THE ENTH DEGREE February 2005

News and Notes from the World of Wine



Published:

A CALL TO AUCTION


25th Annual Napa Valley Auction redefines itself for 2005

Now in its 25th year, the Napa Valley Wine Auction is making an effort to breathe new life into its traditional format. In 2000, a vertiginous $9.5 million was raised. But post-9/11 receipts have decreased yearly. In 2004, proceeds were at $4.6 million, down by more than 50 percent.

Still, $4.6 million is an impressive figure. To date, Napa's auction has donated $52 million to local social services and health care organizations such as Community Health Clinic Ole and Napa Valley Community Housing. Numerous family-service organizations as well as local schools and other regional groups are also beneficiaries. This includes many of the social services provided to low-income members of the Napa Valley community.

To revamp the auction, now called "Auction Napa Valley," the previous 24 chairs—including original co-chairs Robert and Margrit Mondavi—have returned to act in a kind of group co-chair capacity.

"We asked bidders and vintners what they wanted most and what they were tired of," says Paula Kornell, general manager of Oakville Ranch and the auction's chairperson in 1992. "In addition to wanting more time with vintners, [bidders] had had enough of the marathon live auction on Saturday, which showcased 140 lots and lasted from noon until 7 p.m." This year, the live auction will begin around 6 p.m. at Meadowood Resort. It will be followed by a dinner and dance that unfolds among 10 different thematic tents, each hosted by 10 to 12 wineries.

The new scenario will reduce the live auction lots to approximately 50, which can be auctioned in around three hours of bidding. To allow for more winery interaction and hospitality events, there will be no Friday night gala. Instead, smaller, more intimate winery events will be held on both Thursday and Friday nights, as well as Saturday lunch. Friday day will feature the traditional barrel auction, and Pride of Napa Valley restaurant tasting (formerly held on Thursday and Saturday mornings).

Last year, admission for two cost $2,500. "It didn't even cover the cost of putting on the auction," Kornell noted. The new price per couple may climb to $7,500, a number that has been discussed but not yet approved by the auction board. However, for the first time ever, the auction will also offer 500 "Napa Neighbors" reduced-price tickets to locals who can't afford the big-ticket price.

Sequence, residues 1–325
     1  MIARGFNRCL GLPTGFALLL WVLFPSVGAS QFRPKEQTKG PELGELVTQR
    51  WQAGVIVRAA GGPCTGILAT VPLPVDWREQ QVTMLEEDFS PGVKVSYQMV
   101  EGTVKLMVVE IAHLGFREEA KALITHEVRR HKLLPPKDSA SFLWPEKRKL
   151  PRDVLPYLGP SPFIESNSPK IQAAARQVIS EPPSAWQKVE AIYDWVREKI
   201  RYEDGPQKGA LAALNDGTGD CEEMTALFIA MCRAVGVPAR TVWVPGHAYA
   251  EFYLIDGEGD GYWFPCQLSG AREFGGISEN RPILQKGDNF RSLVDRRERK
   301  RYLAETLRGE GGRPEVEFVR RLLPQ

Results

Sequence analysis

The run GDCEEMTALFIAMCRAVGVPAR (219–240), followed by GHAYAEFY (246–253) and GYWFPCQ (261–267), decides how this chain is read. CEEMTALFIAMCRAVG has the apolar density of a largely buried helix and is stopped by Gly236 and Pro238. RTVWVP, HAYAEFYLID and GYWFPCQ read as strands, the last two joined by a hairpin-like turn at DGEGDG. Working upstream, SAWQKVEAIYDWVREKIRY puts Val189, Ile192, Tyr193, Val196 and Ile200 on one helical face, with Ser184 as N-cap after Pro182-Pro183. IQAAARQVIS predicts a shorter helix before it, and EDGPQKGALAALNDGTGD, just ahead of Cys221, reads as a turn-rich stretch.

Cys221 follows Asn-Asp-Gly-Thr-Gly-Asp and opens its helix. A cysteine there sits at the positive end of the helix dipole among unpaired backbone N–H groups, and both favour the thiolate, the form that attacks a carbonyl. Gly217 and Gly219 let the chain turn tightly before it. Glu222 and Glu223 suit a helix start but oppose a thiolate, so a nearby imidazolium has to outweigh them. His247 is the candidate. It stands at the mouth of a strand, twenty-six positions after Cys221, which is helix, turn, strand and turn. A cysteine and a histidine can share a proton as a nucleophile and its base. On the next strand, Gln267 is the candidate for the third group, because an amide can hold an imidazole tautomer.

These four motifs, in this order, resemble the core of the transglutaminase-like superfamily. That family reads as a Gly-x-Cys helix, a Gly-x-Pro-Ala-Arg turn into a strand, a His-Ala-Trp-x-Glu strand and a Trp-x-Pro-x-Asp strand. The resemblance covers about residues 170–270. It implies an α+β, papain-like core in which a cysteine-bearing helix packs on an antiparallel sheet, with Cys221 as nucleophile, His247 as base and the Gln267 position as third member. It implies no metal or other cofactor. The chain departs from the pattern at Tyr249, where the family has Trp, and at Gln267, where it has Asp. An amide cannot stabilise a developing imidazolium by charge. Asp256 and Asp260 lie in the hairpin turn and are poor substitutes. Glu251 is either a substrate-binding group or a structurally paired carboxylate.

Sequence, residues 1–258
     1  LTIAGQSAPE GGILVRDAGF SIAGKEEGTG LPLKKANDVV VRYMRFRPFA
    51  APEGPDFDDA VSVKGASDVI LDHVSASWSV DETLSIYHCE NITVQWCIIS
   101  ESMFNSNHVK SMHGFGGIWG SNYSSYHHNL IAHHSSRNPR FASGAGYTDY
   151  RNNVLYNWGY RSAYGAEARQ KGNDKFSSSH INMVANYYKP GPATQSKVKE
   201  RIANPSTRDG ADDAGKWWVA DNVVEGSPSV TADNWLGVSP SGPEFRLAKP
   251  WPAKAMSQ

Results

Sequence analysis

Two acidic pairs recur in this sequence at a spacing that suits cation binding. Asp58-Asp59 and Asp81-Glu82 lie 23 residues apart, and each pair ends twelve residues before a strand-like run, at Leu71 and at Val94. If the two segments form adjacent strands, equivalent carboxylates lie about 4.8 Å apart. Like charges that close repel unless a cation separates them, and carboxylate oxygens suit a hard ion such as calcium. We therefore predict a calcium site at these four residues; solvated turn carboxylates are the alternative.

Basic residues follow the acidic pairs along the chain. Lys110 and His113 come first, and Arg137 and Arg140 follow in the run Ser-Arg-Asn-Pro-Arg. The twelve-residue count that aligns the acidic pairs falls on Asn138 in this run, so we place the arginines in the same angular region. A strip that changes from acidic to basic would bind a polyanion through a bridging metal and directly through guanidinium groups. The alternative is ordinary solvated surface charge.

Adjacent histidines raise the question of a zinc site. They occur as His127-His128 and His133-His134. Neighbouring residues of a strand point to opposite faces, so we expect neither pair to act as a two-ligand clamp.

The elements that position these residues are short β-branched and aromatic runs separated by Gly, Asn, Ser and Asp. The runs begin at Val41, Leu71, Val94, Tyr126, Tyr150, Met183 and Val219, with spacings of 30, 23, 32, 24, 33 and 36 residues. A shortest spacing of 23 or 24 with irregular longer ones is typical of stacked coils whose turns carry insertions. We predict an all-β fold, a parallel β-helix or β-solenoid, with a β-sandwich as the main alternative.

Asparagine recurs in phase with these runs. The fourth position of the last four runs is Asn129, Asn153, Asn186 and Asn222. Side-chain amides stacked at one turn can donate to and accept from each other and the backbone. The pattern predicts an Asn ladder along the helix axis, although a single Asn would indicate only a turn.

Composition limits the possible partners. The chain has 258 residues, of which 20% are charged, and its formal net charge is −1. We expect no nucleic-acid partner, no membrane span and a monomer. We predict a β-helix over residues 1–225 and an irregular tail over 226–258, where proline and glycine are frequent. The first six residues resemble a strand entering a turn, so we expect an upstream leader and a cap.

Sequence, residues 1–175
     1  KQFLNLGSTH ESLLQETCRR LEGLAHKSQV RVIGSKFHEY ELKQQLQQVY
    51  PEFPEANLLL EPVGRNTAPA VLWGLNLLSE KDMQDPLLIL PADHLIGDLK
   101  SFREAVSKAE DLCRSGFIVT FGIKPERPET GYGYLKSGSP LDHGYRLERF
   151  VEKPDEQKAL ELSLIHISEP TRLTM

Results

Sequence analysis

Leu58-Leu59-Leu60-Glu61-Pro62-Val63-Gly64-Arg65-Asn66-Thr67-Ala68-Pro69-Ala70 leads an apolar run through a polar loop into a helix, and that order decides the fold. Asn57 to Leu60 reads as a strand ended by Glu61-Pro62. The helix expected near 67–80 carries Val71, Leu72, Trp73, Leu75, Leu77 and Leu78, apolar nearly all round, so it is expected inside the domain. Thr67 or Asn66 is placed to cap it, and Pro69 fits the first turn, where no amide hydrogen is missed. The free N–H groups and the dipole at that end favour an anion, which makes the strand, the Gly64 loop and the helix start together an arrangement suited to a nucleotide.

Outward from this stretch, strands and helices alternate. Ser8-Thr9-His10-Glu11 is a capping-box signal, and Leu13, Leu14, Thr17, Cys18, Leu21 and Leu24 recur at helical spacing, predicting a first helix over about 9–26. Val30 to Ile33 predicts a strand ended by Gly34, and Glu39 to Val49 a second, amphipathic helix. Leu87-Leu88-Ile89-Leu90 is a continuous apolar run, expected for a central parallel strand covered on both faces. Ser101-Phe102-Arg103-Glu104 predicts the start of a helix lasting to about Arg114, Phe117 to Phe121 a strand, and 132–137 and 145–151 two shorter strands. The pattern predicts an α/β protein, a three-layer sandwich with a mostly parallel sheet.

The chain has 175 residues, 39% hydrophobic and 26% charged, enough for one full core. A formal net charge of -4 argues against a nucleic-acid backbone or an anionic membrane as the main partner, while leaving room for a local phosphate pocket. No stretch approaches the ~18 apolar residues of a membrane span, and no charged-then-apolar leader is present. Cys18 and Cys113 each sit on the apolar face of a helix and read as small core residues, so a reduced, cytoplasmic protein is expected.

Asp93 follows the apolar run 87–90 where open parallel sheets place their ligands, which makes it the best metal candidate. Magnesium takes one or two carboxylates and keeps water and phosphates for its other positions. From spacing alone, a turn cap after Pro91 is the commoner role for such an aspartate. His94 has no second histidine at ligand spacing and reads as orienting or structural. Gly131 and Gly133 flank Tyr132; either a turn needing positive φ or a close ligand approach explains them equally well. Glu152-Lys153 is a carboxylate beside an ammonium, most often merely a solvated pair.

Some media have portrayed the event as an elitist activity that alienates local "regular folks." After speaking with a broad cross-section of area residents, this reporter has found that the local populace clearly recognizes the value and contributions of the event.

For more information and regular updates on Auction Napa Valley 2005, go to www.napavintners.com or call the Napa Valley Vintners at 707.963.3388. — Jeff Morgan
 
 

DOG DAYS IN BEAUNE

 
Prices were down 30 percent compared to last year at the Hospices de Beaune, held in November. Seen above are celebrity auctioneers, actress Charlotte Rampling and Jonathan Nossiter, director of the documentary, Mondovino. The auction raised 3 million euros from the sale of 699 barrels of Burgundy wine to négociants. The proceeds will benefit the Beaune hospital. The lower prices were attributed to a reasonable correction from unusually high prices fetched at the 2003 auction (high prices due to a very small 2003 harvest), and also to a new and forceful anti-alcohol advertising campaign produced by the French government. In reaction to the ads, various wine trade organizations from Burgundy and Bordeaux are contemplating suing the government for misleading advertising.

 

UNSTOMPABLE

If you're heading to a resort this winter, you'll want to declare your vino-philia by wearing these wine-lover's flip-flops, abundantly decorated with grapes and leaves. The Silly Sandals are available in "Premier Cru" (green grapes) or "Private Label" (purple). $26, through the Wine Enthusiast online catalog, www.wineenthusiast.com

 

WINE 101

The editors of Wine Enthusiast answer your wine-related questions.

Q: Is there truly any "sulfite free" wine? My concern is that some wines are listed as sulfite free, but I have heard that they may have naturally occurring sulfites.
Ruth Hogenson-Rutford
Plymouth, MN

A: No wine is completely sulfite-free, because yeasts produce small quantities of sulfur dioxide during fermentation. The most a wine can claim is to have "no added sulfites." The Alcohol and Tobacco Tax and Trade Bureau (TTB), the governing body for wineries, allows wineries to label a wine sulfite-free when the levels of sulfites are under 10 parts per million (ppm). Most commercial wines are bottled with totals between 50-100 ppm.

Wineries use sulfur dioxide for two reasons: It protects against damage to the wine caused by oxygen, and helps inhibit the growth of any stray microorganisms. This gives the wine a longer life, allowing it to age and develop complexity.

The government warning label on wine bottles that warns against sulfites is only targeted to the small group of consumers (approximately 0.01%) allergic to it. The headaches often attributed by consumers to sulfites are usually caused by sensitivity to histamines or the simple act of overimbibing.

Uncorkings